Skip to main content

Thank you for visiting nature.com. You are using a browser version with limited support for CSS. To obtain the best experience, we recommend you use a more up to date browser (or turn off compatibility mode in Internet Explorer). In the meantime, to ensure continued support, we are displaying the site without styles and JavaScript.

Optimized second-generation CRY2–CIB dimerizers and photoactivatable Cre recombinase

Abstract

Arabidopsis thaliana cryptochrome 2 (AtCRY2), a light-sensitive photosensory protein, was previously adapted for use in controlling protein–protein interactions through light-dependent binding to a partner protein, CIB1. While the existing CRY2–CIB dimerization system has been used extensively for optogenetic applications, some limitations exist. Here, we set out to optimize function of the CRY2–CIB system by identifying versions of CRY2–CIB that are smaller, show reduced dark interaction, and maintain longer or shorter signaling states in response to a pulse of light. We describe minimal functional CRY2 and CIB1 domains maintaining light-dependent interaction and new signaling mutations affecting AtCRY2 photocycle kinetics. The latter work implicates an α13–α14 turn motif within plant CRYs whose perturbation alters signaling-state lifetime. Using a long-lived L348F photocycle mutant, we engineered a second-generation photoactivatable Cre recombinase, PA-Cre2.0, that shows five-fold improved dynamic range, allowing robust recombination following exposure to a single, brief pulse of light.

This is a preview of subscription content, access via your institution

Relevant articles

Open Access articles citing this article.

Access options

Buy article

Get time limited or full article access on ReadCube.

$32.00

All prices are NET prices.

Figure 1: Truncations of CRY2–CIB1 modules.
Figure 2: Identification of CRY2 photocycle mutants.
Figure 3: Sequence alignment and modeling of photocycle mutants.
Figure 4: Functional analysis of CRY2 L348F.

References

  1. Shimizu-Sato, S., Huq, E., Tepperman, J.M. & Quail, P.H. A light-switchable gene promoter system. Nat. Biotechnol. 20, 1041–1044 (2002).

    CAS  PubMed  Google Scholar 

  2. Levskaya, A., Weiner, O.D., Lim, W.A. & Voigt, C.A. Spatiotemporal control of cell signalling using a light-switchable protein interaction. Nature 461, 997–1001 (2009).

    CAS  PubMed  PubMed Central  Google Scholar 

  3. Yazawa, M., Sadaghiani, A.M., Hsueh, B. & Dolmetsch, R.E. Induction of protein-protein interactions in live cells using light. Nat. Biotechnol. 27, 941–945 (2009).

    CAS  PubMed  Google Scholar 

  4. Kennedy, M.J. et al. Rapid blue-light-mediated induction of protein interactions in living cells. Nat. Methods 7, 973–975 (2010).

    CAS  PubMed  PubMed Central  Google Scholar 

  5. Strickland, D. et al. TULIPs: tunable, light-controlled interacting protein tags for cell biology. Nat. Methods 9, 379–384 (2012).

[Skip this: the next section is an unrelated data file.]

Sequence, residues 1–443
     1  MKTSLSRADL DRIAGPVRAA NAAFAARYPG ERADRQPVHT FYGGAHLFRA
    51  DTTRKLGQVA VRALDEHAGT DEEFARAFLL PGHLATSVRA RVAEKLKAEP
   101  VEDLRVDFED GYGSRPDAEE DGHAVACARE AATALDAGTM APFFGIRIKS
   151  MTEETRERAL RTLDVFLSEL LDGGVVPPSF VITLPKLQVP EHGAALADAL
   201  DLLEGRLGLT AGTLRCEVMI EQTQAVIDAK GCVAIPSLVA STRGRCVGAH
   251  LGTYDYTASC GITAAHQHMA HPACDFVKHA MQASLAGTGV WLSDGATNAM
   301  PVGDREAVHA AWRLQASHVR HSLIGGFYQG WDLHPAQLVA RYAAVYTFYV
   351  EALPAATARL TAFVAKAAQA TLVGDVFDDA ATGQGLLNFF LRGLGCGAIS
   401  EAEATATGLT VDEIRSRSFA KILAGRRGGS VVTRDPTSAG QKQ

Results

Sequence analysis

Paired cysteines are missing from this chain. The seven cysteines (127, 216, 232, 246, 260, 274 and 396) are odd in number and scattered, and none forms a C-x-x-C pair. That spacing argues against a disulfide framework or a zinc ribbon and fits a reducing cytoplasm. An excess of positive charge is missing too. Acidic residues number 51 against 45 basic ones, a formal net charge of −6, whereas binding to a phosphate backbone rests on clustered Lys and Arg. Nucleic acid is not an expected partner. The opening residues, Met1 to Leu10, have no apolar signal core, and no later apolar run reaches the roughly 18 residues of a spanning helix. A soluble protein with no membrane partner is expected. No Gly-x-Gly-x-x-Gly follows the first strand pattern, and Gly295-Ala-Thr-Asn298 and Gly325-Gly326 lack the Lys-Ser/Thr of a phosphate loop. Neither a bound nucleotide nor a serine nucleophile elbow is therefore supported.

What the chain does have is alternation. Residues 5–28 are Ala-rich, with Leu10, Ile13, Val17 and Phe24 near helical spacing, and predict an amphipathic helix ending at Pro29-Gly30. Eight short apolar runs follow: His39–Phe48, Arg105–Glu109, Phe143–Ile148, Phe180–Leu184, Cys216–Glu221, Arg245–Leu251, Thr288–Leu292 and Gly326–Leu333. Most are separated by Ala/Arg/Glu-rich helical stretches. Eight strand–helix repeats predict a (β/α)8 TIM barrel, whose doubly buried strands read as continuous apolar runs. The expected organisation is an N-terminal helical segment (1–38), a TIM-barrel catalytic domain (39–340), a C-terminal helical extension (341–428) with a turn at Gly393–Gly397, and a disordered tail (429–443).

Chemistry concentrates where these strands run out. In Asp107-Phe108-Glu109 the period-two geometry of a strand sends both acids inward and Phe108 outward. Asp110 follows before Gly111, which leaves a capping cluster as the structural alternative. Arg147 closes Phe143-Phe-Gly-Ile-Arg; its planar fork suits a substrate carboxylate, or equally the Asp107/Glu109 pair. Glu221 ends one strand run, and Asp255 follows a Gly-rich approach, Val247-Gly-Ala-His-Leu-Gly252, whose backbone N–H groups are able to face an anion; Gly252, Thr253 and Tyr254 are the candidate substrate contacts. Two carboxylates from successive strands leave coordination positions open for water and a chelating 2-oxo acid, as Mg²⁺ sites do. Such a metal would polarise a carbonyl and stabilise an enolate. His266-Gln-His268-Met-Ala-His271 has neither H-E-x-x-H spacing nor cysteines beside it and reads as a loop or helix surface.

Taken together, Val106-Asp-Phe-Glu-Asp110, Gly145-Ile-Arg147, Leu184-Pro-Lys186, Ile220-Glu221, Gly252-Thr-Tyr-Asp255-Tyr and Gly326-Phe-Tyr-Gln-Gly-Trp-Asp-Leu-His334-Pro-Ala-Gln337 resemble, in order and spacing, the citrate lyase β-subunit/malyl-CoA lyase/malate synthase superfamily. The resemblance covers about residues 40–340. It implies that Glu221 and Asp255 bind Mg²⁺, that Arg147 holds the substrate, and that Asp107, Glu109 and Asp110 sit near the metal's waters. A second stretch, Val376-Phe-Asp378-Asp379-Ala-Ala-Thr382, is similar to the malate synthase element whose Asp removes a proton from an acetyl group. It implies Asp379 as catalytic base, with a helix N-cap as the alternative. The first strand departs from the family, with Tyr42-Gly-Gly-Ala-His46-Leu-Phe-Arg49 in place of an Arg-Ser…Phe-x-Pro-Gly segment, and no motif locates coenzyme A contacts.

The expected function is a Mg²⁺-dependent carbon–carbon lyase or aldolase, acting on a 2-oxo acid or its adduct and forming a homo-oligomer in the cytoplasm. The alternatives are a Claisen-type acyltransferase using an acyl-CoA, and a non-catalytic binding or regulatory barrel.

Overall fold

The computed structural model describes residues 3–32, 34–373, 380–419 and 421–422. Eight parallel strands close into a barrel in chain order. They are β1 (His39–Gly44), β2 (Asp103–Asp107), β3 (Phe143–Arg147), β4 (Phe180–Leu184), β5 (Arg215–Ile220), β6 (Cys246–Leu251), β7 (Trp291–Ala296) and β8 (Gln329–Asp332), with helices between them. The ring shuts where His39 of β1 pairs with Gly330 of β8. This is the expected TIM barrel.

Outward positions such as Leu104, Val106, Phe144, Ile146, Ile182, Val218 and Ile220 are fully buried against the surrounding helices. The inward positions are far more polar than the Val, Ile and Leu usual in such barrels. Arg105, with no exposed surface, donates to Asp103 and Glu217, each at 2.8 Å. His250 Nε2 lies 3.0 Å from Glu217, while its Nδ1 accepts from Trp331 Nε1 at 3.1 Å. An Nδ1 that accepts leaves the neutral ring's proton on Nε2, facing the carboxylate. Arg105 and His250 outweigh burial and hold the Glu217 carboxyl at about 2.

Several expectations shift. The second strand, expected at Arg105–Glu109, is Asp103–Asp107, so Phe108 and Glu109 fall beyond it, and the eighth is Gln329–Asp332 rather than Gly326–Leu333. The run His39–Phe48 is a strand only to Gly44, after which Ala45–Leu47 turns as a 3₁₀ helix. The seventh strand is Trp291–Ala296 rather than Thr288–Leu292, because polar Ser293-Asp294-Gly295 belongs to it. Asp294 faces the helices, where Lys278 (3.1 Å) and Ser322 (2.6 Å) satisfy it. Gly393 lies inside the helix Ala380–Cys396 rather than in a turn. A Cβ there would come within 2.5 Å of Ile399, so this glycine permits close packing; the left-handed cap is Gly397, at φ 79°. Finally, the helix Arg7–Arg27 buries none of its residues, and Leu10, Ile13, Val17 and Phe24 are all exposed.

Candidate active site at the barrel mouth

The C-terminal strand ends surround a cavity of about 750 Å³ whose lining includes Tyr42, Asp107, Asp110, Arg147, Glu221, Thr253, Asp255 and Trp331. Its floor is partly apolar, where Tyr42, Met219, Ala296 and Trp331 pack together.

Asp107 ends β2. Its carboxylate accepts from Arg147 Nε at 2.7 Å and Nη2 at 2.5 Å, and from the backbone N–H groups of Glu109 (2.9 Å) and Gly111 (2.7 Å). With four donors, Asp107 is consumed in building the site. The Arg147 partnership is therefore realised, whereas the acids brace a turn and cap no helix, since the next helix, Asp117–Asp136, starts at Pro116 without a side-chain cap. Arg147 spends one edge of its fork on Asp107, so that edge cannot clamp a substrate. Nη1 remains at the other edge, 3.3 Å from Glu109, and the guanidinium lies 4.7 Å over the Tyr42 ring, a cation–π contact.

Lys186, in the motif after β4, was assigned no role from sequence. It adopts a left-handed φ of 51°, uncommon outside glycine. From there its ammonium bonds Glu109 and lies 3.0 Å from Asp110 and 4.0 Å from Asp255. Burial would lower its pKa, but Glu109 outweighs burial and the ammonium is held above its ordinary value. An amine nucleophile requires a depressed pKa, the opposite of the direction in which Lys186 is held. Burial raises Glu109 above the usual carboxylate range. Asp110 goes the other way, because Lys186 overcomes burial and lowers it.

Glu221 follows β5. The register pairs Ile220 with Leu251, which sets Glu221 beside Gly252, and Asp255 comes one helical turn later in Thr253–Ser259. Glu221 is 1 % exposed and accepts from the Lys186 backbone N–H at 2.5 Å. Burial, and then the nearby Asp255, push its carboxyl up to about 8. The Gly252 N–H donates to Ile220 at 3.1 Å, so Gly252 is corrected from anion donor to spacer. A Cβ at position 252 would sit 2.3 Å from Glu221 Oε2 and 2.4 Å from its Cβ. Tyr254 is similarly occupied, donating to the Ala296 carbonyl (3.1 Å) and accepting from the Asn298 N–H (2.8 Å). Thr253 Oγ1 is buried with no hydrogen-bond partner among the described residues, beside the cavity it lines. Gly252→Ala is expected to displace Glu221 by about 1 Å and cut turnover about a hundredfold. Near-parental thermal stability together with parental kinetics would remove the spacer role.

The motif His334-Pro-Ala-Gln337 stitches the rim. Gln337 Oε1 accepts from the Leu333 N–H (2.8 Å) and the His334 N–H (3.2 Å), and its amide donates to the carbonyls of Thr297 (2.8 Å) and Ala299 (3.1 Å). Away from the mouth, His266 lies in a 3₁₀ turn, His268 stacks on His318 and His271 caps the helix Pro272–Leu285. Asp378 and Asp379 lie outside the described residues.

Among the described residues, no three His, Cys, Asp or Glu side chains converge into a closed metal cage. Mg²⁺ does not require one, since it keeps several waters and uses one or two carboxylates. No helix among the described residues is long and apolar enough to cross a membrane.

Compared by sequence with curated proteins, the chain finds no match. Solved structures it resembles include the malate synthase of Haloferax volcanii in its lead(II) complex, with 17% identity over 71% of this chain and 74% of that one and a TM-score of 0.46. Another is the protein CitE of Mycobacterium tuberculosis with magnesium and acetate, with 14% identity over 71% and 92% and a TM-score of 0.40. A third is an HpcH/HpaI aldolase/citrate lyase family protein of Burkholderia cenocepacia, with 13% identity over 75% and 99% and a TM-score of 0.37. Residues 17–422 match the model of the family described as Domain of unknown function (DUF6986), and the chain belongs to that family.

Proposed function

CAS  PubMed  PubMed Central  Google Scholar 

  6. Chen, D., Gibson, E.S. & Kennedy, M.J. A light-triggered protein secretion system. J. Cell Biol. 201, 631–640 (2013).

    CAS  PubMed  PubMed Central  Google Scholar 

  7. Crefcoeur, R.P., Yin, R., Ulm, R. & Halazonetis, T.D. Ultraviolet-B-mediated induction of protein-protein interactions in mammalian cells. Nat. Commun. 4, 1779 (2013).

    PubMed  Google Scholar 

  8. Müller, K. et al. Multi-chromatic control of mammalian gene expression and signaling. Nucleic Acids Res. 41, e124 (2013).

    PubMed  PubMed Central  Google Scholar 

  9. Guntas, G. et al. Engineering an improved light-induced dimer (iLID) for controlling the localization and activity of signaling proteins. Proc. Natl. Acad. Sci. USA 112, 112–117 (2015).

    CAS  PubMed  Google Scholar 

  10. Kawano, F., Suzuki, H., Furuya, A. & Sato, M. Engineered pairs of distinct photoswitches for optogenetic control of cellular proteins. Nat. Commun. 6, 6256 (2015).

    CAS  PubMed  Google Scholar 

  11. Hughes, R.M., Bolger, S., Tapadia, H. & Tucker, C.L. Light-mediated control of DNA transcription in yeast. Methods 58, 385–391 (2012).

    CAS  PubMed  PubMed Central  Google Scholar 

  12. Konermann, S. et al. Optical control of mammalian endogenous transcription and epigenetic states. Nature 500, 472–476 (2013).

    CAS  PubMed  PubMed Central  Google Scholar 

  13. Polstein, L.R. & Gersbach, C.A. A light-inducible CRISPR-Cas9 system for control of endogenous gene activation. Nat. Chem. Biol. 11, 198–200 (2015).

    CAS  PubMed  PubMed Central  Google Scholar 

  14. Nihongaki, Y., Yamamoto, S., Kawano, F., Suzuki, H. & Sato, M. CRISPR-Cas9-based photoactivatable transcription system. Chem. Biol. 22, 169–174 (2015).

    CAS  PubMed  Google Scholar 

  15. Boulina, M., Samarajeewa, H., Baker, J.D., Kim, M.D. & Chiba, A. Live imaging of multicolor-labeled cells in Drosophila. Development 140, 1605–1613 (2013).

    CAS  PubMed  PubMed Central  Google Scholar 

  16. Idevall-Hagren, O., Dickson, E.J., Hille, B., Toomre, D.K. & De Camilli, P. Optogenetic control of phosphoinositide metabolism. Proc. Natl. Acad. Sci. USA 109, E2316–E2323 (2012).

    CAS  PubMed  PubMed Central  Google Scholar 

  17. Giordano, F. et al. PI(4,5)P(2)-dependent and Ca(2+)-regulated ER-PM interactions mediated by the extended synaptotagmins. Cell 153, 1494–1509 (2013).

    CAS  PubMed  PubMed Central  Google Scholar 

  18. Kakumoto, T. & Nakata, T. Optogenetic control of PIP3: PIP3 is sufficient to induce the actin-based active part of growth cones and is regulated via endocytosis. PLoS One 8, e70861 (2013).

    CAS  PubMed  PubMed Central  Google Scholar 

  19. Aoki, K. et al. Stochastic ERK activation induced by noise and cell-to-cell propagation regulates cell density-dependent proliferation. Mol. Cell 52, 529–540 (2013).

    CAS  PubMed  Google Scholar 

  20. O'Neill, P.R. & Gautam, N. Subcellular optogenetic inhibition of G proteins generates signaling gradients and cell migration. Mol. Biol. Cell 25, 2305–2314 (2014).

    PubMed  PubMed Central  Google Scholar 

  21. Maiuri, P. et al. Actin flows mediate a universal coupling between cell speed and cell persistence. Cell 161, 374–386 (2015).

    CAS  PubMed  Google Scholar 

  22. Duan, L. et al. Optogenetic control of molecular motors and organelle distributions in cells. Chem. Biol. 22, 671–682 (2015).

    CAS  PubMed  PubMed Central  Google Scholar 

  23. Bugaj, L.J., Choksi, A.T., Mesuda, C.K., Kane, R.S. & Schaffer, D.V. Optogenetic protein clustering and signaling activation in mammalian cells. Nat. Methods 10, 249–252 (2013).

    CAS  PubMed  Google Scholar 

  24. Lee, S. et al. Reversible protein inactivation by optogenetic trapping in cells. Nat. Methods 11, 633–636 (2014).

    CAS  PubMed  Google Scholar 

  25. Taslimi, A. et al. An optimized optogenetic clustering tool for probing protein interaction and function. Nat. Commun. 5, 4925 (2014).

    CAS  PubMed  Google Scholar 

  26. Pathak, G.P., Strickland, D., Vrana, J.D. & Tucker, C.L. Benchmarking of optical dimerizer systems. ACS Synth. Biol. 3, 832–838 (2014).

    CAS  PubMed  PubMed Central  Google Scholar